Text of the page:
On consecutive days earlier this month both the Massachusetts and Georgia Supreme Courts issued opinions that were great news for law firms that want to consult internally in secret about possible screw-ups they've made in their clients' cases. "This is as good an opinion for law firms as they could possibly expect. It's a total win," opined New York University ethics professor Stephen Gillers on the blog LegalEthicsForum.com about the Massachusetts high court opinion this month in RFF Family Partnership v. Burns & Levinson, SJC-11371.
This article is reprinted with permission from the July 19, 2013 edition of The Recorder.
by Richard Zitrin
Unfortunately, Gillers was right on the money. But as good a day as it was for law firms, it was an equally bad day for clients who expect loyalty from the firms they employ.
The Massachusetts court, repeatedly citing to and closely following a poorly reasoned law firm apologia from a 2005 law review article, perpetuated the idea that a law firm may do almost whatever it wants within its own four walls, even if it is contrary to the needs or wishes of its own current client. The next day, in the Georgia Supreme Court followed suit.
Here's the situation: Baskin and Robins, two lawyers at BigFirm, are concerned that they have made significant errors on client Farmer Brown's case. Rather than going to an outside ethics expert — Gillers would be a good choice — they consult within their own firm, with their own ethics counsel, or their professional responsibility committee, or perhaps their loss prevention team. Perhaps the BigFirm lawyers tell them: "Look, if you screwed up, fall on your sword, tell the client everything, then work with the client to fix it as best as possible."
Or perhaps the BigFirm honchos closet themselves with Basko and Robbie and try to figure out how to minimize the damage to the firm — whatever the consequences to poor old Farmer Brown.
In either event, whatever discussions take place between B&R and internal ethics counsel or a PR or loss prevention committee, the actions of B&R, their knowledge of their mistakes, and the consequences of those mistakes, and how best to deal with those mistakes — whether correcting or hiding them — are certainly going to be discussed.
It's the after-the-fact results of such situations that come to the attention of the courts, usually when the client — ultimately unhappy with the law firm's services — sues the firm, and seeks information in discovery about the substance of the internal conversations. After all, Farmer Brown reasons, "I was the law firm's client; how can the firm hire itself as a client? Isn't that an automatic conflict of interest between the law firm and me if they're discussing how they messed up my case? After all, if BigFirm had gone out and represented Farmer Smith against my interests, that would be a conflict on a concurrent matter, right? How is this different? And how can they keep those discussions secret from me?" (Farmer Brown, it turns out, is a recovering lawyer now doing organic, non-GMO farming in Sonoma County.)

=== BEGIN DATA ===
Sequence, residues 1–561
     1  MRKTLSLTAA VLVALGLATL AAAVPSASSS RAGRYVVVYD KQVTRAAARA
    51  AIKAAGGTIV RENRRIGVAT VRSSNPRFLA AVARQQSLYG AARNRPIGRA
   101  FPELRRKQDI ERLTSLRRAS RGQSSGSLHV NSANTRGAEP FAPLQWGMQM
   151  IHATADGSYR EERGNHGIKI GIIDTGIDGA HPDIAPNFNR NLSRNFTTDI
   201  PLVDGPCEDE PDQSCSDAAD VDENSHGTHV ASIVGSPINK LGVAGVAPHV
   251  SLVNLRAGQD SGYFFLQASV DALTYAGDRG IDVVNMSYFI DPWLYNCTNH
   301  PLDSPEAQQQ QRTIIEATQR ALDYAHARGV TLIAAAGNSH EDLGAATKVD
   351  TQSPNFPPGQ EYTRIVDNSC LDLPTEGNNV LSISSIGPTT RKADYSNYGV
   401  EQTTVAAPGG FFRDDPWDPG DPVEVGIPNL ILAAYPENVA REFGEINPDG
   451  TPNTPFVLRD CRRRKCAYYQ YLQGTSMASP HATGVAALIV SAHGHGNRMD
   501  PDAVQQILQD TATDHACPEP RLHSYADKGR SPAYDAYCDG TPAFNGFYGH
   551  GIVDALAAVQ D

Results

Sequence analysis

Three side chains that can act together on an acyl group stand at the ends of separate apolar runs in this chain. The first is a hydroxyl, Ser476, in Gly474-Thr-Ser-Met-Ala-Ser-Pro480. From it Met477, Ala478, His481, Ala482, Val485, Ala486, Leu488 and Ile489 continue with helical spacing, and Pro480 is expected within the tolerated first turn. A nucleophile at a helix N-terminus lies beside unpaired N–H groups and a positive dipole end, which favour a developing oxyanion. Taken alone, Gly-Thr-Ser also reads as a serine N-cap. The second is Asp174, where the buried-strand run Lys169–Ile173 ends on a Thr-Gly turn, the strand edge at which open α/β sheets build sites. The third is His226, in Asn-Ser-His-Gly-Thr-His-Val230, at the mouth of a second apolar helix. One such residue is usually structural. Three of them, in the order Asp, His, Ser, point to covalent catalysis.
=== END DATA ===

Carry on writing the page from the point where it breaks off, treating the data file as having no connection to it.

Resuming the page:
That seems to make a great deal of sense. In such situations, the correct approach would go something like this:
"The firm must produce any communications discussing claims that the client might have against the firm or discussing known errors in its representation of the client. The firm must produce any communications discussing known conflicts in its representation of the client or other circumstances that triggered the firm's duty to advise the client and obtain the client's consent. Conflicts include any representation — whether of the firm itself, [a third party] or another — adversely implicating or affecting the interests of the client, when the firm was receiving information from and/or providing legal advice to its own lawyers while at the same time continuing to represent the client."
So stated U.S. District Judge Vaughn Walker in Thelen, Reid & Priest v. Marland, 2007 WL 578989 (N.D. CA 2007). I've simply replaced the word "Thelen" with "firm," and the word "Marland" with "client." (Disclosure: Both my firm, Carlson, Calladine & Peterson, and I were involved in the representation of Marland in that case.) Other California cases, especially federal ones, have followed suit with opinions consistent with Walker's ruling, cases I wrote about in an earlier Moral Compass column. ("When a Lawyer Needs a Lawyer," The Recorder, May 14, 2012.)
If only the Massachusetts and Georgia courts had similarly followed Walker's lead.
Here are just three examples of the Massachusetts court's wrongheaded thinking:
First, without this opinion, said the court, "a law firm, without benefit of expert advice, may unnecessarily withdraw from the representation where the conflict was illusory."